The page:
North Korea nuclear threat growing

Officials say ignoring the threat posed by North Korea would be a mistake. (Sinclair Broadcast Group)

Talks of Russia have dominated the news cycle, but another nation trying to gain the attention of the world is North Korea. North Korea is working to assert itself as a global nuclear power by continuing to provoke the United States and its allies by test-firing ballistic missiles.

“The main threat that North Korea poses is from its development of nuclear weapons and the ability to deliver those over the long distances,” said Richard Bush, director of the Center for East Asia Policy Studies at the Brookings Institution.

In “two- to- five years” North Korea will be able to launch a nuclear weapon capable of reaching the continental United States, according to Bush.

Currently, North Korea can use nuclear missiles to hit its neighbors --Japan and South Korea -- and hit US bases stationed in Japan.

“North Korea is not a transparent regime. It doesn’t get the United States and it doesn’t understand South Korea. It can be quite reckless and is liable to get more reckless,” Bush added.

But the rogue nation-state still lacks crucial engineering skills. North Korea cannot successfully put nuclear weapons on Intercontinental Ballistic Missiles and it has not mastered the technology of ensuring that nuclear weapons do not burn up after re-entry into the Earth's atmosphere.

“The situation has been stable so far, because the United States has an asymmetric advantage, but as that advantage goes away it frees North Korea perhaps to do things it never considered before,” Bush said.

The top Democrat on the Senate Foreign Relations Committee, Sen. Ben Cardin (D-Md.) that the U.S needs to watch North Korea closely.

"They are being led by a leader who is just not respectful of the rights of its own citizens and is threatening its neighbors," said Cardin.

Chairman of the House Intelligence Committee, Rep. Devin Nunes (R-Calif.) also believes the U.S should take the threat of Kim Jong Un's nuclear program seriously.

"The North Korean regime is completely unhinged, they've long been unhinged," he said. “I think we should all be concerned about it and somebody who is unhinged as a North Korean dictator we should all be concerned about and so should the Chinese, the Russians and others,” Rep. Devin Nunes (R-Calif.), Chairman of the House Intelligence Committee.

According to Bush, in order to deter North Korea’s provocations, the United States, China, Russia and affected countries in the region need to work together and put pressure on Kim Jong Un to get him to change the direction of their nuclear program.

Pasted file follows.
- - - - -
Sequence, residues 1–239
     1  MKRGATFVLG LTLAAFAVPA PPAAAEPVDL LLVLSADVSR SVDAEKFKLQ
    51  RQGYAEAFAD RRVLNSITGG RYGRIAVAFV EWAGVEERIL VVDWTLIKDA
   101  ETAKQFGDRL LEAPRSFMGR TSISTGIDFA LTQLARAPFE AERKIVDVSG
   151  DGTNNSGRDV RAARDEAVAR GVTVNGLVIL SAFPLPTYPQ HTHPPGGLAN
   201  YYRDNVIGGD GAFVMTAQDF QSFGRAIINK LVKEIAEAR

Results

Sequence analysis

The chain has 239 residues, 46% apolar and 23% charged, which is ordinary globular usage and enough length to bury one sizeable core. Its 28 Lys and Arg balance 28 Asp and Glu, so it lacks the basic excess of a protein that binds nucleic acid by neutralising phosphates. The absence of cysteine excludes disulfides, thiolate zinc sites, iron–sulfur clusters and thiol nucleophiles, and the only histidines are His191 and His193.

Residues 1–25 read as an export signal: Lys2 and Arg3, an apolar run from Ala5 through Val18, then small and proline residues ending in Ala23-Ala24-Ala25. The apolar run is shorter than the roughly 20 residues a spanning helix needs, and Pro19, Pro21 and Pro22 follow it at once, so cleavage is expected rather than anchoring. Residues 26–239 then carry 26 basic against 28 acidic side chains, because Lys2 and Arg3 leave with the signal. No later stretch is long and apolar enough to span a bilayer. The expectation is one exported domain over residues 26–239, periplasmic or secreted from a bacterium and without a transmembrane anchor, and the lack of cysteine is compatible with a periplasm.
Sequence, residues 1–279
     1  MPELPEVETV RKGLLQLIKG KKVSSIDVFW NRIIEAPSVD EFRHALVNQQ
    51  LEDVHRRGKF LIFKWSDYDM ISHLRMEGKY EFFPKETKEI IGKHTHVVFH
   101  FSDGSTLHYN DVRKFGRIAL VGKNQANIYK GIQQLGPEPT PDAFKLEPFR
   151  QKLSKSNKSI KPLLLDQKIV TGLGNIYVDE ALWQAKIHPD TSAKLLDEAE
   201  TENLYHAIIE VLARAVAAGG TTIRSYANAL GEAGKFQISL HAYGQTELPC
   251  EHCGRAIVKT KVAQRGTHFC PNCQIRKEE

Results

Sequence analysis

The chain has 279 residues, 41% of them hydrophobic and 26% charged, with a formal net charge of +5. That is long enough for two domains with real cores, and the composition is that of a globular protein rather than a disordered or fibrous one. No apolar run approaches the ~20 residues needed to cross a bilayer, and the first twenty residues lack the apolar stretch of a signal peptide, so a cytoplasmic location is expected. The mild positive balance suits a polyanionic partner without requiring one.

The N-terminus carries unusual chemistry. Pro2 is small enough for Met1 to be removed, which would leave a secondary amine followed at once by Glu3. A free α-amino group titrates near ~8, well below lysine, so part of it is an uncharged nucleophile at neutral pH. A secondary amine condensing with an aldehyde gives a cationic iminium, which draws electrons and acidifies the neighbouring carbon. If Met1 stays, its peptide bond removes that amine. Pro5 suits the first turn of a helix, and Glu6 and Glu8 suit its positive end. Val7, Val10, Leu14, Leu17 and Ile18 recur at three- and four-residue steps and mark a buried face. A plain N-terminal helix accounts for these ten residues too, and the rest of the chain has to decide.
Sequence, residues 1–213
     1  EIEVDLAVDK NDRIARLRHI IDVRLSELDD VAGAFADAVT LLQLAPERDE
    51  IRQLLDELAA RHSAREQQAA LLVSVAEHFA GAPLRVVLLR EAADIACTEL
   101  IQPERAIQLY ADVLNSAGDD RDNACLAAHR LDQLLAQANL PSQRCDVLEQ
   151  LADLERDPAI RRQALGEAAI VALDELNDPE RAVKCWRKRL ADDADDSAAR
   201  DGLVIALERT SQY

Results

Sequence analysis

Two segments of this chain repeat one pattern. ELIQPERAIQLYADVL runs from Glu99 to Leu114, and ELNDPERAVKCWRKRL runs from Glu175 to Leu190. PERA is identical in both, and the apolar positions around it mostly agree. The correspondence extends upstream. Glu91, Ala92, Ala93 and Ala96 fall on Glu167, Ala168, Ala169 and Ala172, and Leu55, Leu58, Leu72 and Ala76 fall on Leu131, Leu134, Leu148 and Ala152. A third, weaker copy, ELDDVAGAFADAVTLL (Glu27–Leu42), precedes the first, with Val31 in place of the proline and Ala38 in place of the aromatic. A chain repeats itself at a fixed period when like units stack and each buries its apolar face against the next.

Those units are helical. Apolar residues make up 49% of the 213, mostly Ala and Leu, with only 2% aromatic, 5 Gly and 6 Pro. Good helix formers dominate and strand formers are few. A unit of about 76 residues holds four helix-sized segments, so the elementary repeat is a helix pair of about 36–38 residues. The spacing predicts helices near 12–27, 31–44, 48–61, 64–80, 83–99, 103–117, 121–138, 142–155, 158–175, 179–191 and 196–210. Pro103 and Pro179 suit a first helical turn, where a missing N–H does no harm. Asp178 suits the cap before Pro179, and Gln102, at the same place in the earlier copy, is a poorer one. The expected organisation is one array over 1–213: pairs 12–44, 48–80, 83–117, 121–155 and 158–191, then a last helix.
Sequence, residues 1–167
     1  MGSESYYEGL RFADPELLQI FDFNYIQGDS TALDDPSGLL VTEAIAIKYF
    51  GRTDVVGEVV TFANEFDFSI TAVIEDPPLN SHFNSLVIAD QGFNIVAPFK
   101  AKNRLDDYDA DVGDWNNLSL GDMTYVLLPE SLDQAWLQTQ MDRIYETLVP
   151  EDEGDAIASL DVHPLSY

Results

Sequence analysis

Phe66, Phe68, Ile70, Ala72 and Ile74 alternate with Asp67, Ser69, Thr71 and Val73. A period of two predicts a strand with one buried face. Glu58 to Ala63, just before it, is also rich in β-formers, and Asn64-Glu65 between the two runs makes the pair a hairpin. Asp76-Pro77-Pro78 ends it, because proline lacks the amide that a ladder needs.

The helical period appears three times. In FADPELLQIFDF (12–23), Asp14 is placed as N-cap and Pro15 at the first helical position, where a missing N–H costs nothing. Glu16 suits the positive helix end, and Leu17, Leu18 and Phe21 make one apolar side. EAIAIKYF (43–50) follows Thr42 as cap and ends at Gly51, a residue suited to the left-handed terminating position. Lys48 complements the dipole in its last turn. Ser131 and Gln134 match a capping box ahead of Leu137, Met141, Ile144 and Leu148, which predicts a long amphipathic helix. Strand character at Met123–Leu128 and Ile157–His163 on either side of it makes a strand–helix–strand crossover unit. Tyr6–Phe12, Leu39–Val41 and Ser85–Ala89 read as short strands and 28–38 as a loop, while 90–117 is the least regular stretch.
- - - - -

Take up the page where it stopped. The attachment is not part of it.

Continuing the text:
However, Bush acknowledges this task can difficult, since China helps prop up North Korea, and the U.S. is a strong ally of South Korea. Recently the U.S. helped place a missile defense system in South Korea to help the country against the North and that move heightened tensions with China.

Kim Jong Un’s half-brother, Kim Jong Nam, was recently assassinated at a Malaysian airport. The assassins used a VX nerve agent, which is classified as a weapon of mass destruction by the United Nations.

At the Conference on Disarmament at the United Nations in Geneva on Tuesday, the South Korean Foreign Minister warned the international community that the assassination should be a “wake-up call.” South Korea say Kim Jong Un ordered the killing of his half-brother.

“Namely this impulsive, unpredictability, trigger-happy and brutal regime is ready and willing to strike anyone, anytime anywhere, “ said Yun Byung-se, the South Korean Foreign Minister.

"They have the capacity, they're trying to bring down our democratic system of government," he said. They're interfering with our elections, they're interfering with European elections, they've already invaded Ukraine, part of that country under its control."

During the presidential campaign, Mr. Trump said he would be willing to talk with the Kim Jong Un to try and convince the dictator to stop his nuclear ambitions. And according to a new Wall Street Journal report, the White House is considering the possibility of using direct military action to counter the threat of North Korea.